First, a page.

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Overcoming dysregulated behaviors that interfere with life values
Peggilee Wupperman Ph.D.
Feel like most people are coping with the pandemic better than you are? You're not alone.
Depending on the news source, you may have read that mindfulness is a miraculous life-changer, a harmful Pandora's box, or an utter sham. So which is it?
Mindfulness will not turn you into a feel-good Zen zombie. It does not stop you from feeling negative emotions; it just helps free you from being controlled by those emotions.
Do shaming and "rock bottom" help decrease dysregulated behavior? No! In fact, they can actually do the opposite.
You’ve promised yourself that you will NOT (pick one: have that drink, binge on that food, take those pills, engage in self-harm, place that bet, etcetera).
Then you get home.
Sometimes you can get so caught up in trying to hide the things about yourself you think are wrong – that you can lose touch with what you actually do feel and value.
Overcoming self-destructive behavior can feel overwhelming and painful. You deserve to understand how methods aimed at stopping the behavior actually work. (Part III)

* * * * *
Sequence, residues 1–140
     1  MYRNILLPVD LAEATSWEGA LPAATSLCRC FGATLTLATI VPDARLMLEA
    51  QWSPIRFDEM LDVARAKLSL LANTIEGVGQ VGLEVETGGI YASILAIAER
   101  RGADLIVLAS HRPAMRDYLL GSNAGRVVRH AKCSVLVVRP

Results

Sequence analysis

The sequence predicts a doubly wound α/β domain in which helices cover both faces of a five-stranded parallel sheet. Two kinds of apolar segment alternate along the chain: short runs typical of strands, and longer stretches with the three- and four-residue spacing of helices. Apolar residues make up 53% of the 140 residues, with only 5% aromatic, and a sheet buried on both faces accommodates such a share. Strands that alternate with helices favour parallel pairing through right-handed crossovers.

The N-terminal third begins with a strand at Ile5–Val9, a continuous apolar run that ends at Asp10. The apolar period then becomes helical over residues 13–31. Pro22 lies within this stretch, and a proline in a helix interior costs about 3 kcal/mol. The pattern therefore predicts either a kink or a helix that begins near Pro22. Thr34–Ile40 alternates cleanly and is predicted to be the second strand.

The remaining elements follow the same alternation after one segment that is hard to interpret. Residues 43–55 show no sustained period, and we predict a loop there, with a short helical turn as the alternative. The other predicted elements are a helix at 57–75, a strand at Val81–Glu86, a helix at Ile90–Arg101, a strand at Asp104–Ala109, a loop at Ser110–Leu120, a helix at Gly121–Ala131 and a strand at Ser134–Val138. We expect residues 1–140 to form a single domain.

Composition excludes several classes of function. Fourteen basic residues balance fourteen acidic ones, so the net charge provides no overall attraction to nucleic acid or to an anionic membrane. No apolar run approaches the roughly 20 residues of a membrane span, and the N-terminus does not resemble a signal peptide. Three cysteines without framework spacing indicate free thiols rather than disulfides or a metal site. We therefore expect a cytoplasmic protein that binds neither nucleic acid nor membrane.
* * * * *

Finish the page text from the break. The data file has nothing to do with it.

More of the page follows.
Overcoming self-destructive behavior can feel overwhelming and painful. You deserve to understand how methods aimed at stopping the behavior actually work.
Self-destructive (dysregulated) behaviors can feel impossible to resist. Can mindfulness really help something so entrenched and overwhelming? (If so, how?)
Have you ever realized that a behavior was causing you harm, but found yourself unable to stop?
Peggilee Wupperman, Ph.D., is a clinical psychologist, an associate professor at John Jay College, an assistant clinical professor at Yale Medical School, and the developer of Mindfulness and Modification Therapy.